By guiding students through these steps, you can help them make informed decisions about the quality of mentorship and support offered by different virtual work experience programs. This, in turn, will enable them to choose opportunities that will truly foster their personal and professional growth.

Tip 3: Reflect on Skills Development and Real-World Application

After completing a virtual work experience, it’s essential for students to reflect on the skills they developed and the real-world application of these skills.  Here’s how you can make space for students to reflect post-work experience:

  1. Schedule a debriefing session: Set up a one-on-one meeting with each student following their virtual work experience. This session will provide an opportunity for the student to share their experiences, achievements, and challenges, as well as discuss their learnings and personal growth.
  2. Guide self-assessment: Encourage students to assess their progress towards the goals they set before starting the work experience. Help them identify the skills they developed or improved upon, and discuss how these skills can be applied to their future careers or educational pursuits.
  3. Highlight accomplishments: Assist students in recognising their accomplishments during the virtual work experience, such as completed projects, tasks, or collaborations. Discuss how these achievements can be incorporated into their resume or portfolio to demonstrate their skills and experience to potential employers or academic institutions.
  4. Encourage critical thinking: Ask students to consider the strengths and weaknesses of their virtual work experience, as well as areas where they could have benefited from additional support or guidance. This reflection can help them understand what they need to prioritise in future work experiences or professional development opportunities.
  5. Discuss networking and connections: Talk about the professional connections students made during their virtual work experience and the importance of maintaining these relationships. Offer advice on how to keep in touch with mentors, supervisors, or colleagues, and how to leverage these connections in their career development.
  6. Identify next steps: Based on the student’s reflection, help them identify potential next steps, such as seeking additional work experience, pursuing further education or training, or setting new career goals. Encourage them to create a plan of action for continued growth and development.

By creating space for students to reflect on their virtual work experience and guiding them through the process, you can help them derive valuable insights and lessons that will inform their future career choices and development.

Virtual work experience offers students a unique opportunity to explore potential career paths and develop essential skills in today’s digital landscape. As careers advisors in secondary schools, your guidance and support are invaluable in helping students maximise the benefits of these experiences. By encouraging students to set clear objectives, assess the quality of mentorship and support, and reflect on skills development and real-world application, you can empower them to make informed decisions and choose opportunities that align with their goals and aspirations. By doing so, you are not only supporting their personal and professional growth but also preparing them for a successful future in the ever-evolving job market.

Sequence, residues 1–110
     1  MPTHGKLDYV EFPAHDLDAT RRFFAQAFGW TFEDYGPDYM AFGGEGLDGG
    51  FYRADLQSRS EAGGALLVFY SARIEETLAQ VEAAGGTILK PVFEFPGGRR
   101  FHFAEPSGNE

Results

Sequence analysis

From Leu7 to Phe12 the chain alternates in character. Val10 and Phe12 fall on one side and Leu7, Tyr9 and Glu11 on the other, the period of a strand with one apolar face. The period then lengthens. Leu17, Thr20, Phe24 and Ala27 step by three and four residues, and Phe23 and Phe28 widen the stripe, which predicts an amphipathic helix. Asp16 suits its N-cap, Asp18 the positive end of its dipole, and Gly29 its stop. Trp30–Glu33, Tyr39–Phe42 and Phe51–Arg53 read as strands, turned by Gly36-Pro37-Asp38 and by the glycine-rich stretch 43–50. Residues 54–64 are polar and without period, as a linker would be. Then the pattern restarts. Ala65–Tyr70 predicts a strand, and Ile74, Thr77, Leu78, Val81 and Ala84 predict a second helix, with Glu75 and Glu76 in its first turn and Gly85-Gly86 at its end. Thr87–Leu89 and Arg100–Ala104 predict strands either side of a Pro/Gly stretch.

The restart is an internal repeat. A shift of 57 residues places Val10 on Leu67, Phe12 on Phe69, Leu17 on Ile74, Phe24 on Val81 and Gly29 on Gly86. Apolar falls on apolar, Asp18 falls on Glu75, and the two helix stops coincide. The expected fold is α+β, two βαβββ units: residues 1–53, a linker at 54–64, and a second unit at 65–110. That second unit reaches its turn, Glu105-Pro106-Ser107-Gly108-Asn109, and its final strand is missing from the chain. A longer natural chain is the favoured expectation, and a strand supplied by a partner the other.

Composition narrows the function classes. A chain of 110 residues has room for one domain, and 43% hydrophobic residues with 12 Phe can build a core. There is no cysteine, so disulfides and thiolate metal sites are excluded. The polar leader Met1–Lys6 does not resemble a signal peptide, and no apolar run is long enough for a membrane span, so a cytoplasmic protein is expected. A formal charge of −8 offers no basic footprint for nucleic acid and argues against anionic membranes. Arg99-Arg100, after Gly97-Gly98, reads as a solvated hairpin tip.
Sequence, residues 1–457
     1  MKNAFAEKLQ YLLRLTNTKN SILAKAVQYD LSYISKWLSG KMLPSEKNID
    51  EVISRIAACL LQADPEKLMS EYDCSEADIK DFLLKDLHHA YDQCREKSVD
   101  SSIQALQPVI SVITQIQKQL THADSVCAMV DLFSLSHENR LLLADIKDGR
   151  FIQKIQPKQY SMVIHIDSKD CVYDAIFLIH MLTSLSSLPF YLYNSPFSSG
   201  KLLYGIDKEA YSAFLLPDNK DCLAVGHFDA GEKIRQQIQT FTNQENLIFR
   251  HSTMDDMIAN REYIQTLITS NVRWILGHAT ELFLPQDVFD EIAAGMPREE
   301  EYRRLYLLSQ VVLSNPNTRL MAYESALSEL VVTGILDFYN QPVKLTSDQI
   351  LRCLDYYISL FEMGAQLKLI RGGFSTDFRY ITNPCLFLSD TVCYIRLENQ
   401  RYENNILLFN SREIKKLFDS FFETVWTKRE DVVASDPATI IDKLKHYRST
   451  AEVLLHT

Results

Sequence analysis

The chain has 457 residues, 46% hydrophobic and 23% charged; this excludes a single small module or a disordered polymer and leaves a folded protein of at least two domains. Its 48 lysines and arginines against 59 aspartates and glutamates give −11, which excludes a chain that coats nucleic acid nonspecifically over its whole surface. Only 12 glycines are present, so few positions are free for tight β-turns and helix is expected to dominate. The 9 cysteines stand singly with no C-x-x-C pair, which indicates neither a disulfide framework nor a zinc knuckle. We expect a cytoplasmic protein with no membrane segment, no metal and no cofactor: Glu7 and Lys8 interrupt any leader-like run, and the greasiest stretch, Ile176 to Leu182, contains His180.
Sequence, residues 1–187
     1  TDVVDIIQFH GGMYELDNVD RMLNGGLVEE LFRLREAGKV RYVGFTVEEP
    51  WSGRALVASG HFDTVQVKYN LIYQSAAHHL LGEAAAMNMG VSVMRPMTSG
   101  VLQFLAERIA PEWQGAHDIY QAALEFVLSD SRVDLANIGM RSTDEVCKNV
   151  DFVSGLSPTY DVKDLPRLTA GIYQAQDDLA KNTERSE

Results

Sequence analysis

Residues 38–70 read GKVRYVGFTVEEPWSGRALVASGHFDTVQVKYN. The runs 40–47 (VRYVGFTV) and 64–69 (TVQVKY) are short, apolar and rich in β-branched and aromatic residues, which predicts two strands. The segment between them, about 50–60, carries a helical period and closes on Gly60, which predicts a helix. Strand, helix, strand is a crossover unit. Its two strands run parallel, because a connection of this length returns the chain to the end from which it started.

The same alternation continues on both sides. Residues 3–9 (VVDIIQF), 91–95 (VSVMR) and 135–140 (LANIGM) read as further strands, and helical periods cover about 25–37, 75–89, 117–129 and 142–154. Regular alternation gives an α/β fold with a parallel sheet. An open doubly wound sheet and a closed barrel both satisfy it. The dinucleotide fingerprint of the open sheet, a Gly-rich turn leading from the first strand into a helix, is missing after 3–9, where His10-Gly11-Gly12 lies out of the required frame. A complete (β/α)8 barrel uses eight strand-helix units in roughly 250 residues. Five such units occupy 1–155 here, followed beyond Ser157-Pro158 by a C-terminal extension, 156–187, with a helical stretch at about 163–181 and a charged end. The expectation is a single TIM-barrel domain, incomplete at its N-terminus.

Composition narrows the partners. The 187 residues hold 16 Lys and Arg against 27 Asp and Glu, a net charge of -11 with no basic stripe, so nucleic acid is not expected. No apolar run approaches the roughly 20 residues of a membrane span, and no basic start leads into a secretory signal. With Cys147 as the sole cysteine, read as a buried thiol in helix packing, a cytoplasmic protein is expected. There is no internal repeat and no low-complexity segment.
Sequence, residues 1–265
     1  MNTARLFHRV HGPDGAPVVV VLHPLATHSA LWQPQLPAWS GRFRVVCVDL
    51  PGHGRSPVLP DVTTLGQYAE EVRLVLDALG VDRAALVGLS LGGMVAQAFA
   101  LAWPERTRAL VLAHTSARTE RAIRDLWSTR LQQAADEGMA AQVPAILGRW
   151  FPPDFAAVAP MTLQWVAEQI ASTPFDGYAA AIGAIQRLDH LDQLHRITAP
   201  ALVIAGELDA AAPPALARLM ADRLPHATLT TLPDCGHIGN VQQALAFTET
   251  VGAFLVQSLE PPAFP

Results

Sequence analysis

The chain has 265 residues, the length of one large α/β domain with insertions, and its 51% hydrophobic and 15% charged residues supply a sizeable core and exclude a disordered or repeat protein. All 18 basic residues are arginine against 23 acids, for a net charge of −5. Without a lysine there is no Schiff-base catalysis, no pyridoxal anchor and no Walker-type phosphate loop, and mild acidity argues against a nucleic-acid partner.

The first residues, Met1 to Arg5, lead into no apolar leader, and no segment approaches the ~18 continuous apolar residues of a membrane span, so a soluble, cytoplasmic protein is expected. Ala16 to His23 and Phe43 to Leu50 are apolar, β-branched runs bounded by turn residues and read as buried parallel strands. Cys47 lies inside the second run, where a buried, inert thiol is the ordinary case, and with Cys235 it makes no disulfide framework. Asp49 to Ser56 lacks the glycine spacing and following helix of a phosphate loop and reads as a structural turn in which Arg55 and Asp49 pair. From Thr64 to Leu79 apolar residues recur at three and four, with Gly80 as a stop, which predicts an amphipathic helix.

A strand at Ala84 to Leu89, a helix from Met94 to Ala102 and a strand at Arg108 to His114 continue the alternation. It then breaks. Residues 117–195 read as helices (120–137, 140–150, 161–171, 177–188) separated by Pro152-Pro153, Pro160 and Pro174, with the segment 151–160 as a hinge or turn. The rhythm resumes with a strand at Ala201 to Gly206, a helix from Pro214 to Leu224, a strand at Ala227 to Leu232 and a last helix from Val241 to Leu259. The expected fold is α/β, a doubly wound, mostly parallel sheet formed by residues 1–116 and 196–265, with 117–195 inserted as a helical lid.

For further reading on this topic, check out these related articles:

  1. Five places to find virtual work experience
  2. CSIRO Virtual Work Experience
  3. Benefits of virtual work experience for schools from Grandshake
  4. Top tips for considering virtual work experience from the University of Edinburgh
  5. Springpod virtual work experience
  6. Understanding virtual work experience from Prospects UK

More articles

Pondering Careers – Edition 43 – You need to read these reports on skills

Pondering Careers – Edition 42 – Early Entry Thoughts

Pondering Careers - Core Skills at School

Pondering Careers – Edition 41 – How do we talk about core skills at school?

How to support LGBTQIA+ young people at school

Pondering Careers – Edition 40 – An argument for basic training

Want more to ponder?
Join our free newsletter crew – we don’t send spam, just news and opportunities to help you build your career.

Latest Video

Join our community

Be the first to find out about what's on offer. We'll send you news, resources, and opportunities you can use to build a career you'll love.

Related articles

Scroll to Top